The functions are labeled ”A” to ”D”, with the initial function demanding the most gas and the last one requiring the least. Furthermore, we’ll take a closer look at each of these four functions to see how they have been optimized and what’s actually happening ”under the hood”.

Once we know how to reduce Solidity gas costs, we’ll also briefly cover the results of each function. This will help determine the differences and illustrate the power of optimizing your smart contracts in the future.  

However, if you’d rather watch a video guide of the complete tutorial, please take a closer look at the following clip from the Moralis YouTube channel. This video explains the entire contract in further detail:

Moreover, if you want to learn more about smart contract development, please visit the Moralis blog and check out our article on how to create smart contracts

How to Reduce Solidity Gas Costs: Function A – C

Let’s initiate by taking a closer look at the first function, ”optionA()”, which demands the highest Solidity gas cost. But why is this one more expensive than the others? To fully understand this, we need to analyze the function itself:

Function A 

  function optionA() external {
        for (uint i =0; i < arrayFunds.length; i++){
            totalFunds = totalFunds + arrayFunds[i];
        }
    }

As you can see from the code above, the function is relatively simple. However, ”optionA()” communicates directly with the blockchains in each iteration of the function’s “for” loop. This means that the function both fetches information from the ”arrayFunds” and populates the ”totalFunds” state variables several different times during the execution of the function. As a result, several different and unnecessary blockchain interactions occur, which drives up gas costs. So, how can we improve on this?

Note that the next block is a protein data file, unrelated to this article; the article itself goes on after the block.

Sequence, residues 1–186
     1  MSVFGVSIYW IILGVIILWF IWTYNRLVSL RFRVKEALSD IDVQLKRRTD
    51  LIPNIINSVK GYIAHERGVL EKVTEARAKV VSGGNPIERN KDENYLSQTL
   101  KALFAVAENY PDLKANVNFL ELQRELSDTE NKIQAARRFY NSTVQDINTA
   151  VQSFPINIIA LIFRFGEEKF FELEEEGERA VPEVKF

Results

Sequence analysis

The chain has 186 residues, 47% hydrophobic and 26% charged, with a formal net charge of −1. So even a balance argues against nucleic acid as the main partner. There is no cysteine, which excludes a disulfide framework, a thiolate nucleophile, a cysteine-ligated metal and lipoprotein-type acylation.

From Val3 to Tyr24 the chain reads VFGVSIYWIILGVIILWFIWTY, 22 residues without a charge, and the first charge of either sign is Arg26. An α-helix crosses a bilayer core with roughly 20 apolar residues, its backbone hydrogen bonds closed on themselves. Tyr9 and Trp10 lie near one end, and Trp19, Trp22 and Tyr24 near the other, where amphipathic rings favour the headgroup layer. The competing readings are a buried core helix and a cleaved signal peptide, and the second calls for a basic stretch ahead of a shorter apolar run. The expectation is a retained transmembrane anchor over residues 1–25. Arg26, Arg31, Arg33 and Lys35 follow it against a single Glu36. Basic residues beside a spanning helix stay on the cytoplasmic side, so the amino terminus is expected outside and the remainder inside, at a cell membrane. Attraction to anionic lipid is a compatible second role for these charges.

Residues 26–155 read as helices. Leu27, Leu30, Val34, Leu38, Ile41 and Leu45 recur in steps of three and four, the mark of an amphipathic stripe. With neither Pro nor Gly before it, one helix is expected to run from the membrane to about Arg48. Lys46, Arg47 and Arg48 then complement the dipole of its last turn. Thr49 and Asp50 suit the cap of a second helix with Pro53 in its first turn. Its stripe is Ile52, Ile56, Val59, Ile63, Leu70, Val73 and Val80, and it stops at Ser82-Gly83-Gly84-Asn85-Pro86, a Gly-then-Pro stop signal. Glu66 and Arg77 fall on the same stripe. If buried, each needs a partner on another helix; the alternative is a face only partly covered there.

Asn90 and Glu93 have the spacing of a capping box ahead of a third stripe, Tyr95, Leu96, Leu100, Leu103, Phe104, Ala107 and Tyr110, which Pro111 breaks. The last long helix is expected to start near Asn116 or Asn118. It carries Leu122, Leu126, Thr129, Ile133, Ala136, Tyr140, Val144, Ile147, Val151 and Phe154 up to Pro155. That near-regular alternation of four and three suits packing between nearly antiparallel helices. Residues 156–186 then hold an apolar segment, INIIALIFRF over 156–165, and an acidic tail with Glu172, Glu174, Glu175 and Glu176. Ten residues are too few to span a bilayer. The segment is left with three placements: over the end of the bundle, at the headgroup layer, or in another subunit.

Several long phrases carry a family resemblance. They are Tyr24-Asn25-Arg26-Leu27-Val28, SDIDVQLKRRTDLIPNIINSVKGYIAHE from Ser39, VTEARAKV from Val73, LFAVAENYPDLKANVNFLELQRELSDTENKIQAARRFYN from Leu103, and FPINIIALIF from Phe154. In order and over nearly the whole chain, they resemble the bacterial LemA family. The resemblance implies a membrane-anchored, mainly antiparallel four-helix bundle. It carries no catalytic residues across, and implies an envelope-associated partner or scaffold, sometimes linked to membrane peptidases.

One way of gradually optimizing the function is to add a memory variable for the ”totalFunds” variable; which is precisely what we did in ”optionB()”:

Function B

function optionB() external {
        uint _totalFunds;
        for (uint i =0; i < arrayFunds.length; i++){
            _totalFunds = _totalFunds + arrayFunds[i];
        }
        totalFunds = _totalFunds;
    }

Before the loop, we create a memory variable called ”_totalFunds”. Then with each iteration of the loop, we populate this variable instead of the state variable ”totalFunds”. As such, we aren’t writing to the blockchain when the loop is executing. This allows us to save a lot of gas as we’re lessening the interactions with the blockchain. Now, how can we improve this even further?

In ”optionC()”, we essentially follow the same theme by creating a memory variable for the ”arrayFunds” variable. As such, this is the function: 

Function C

function optionC() external {
        uint _totalFunds;
        uint[] memory _arrayFunds = arrayFunds;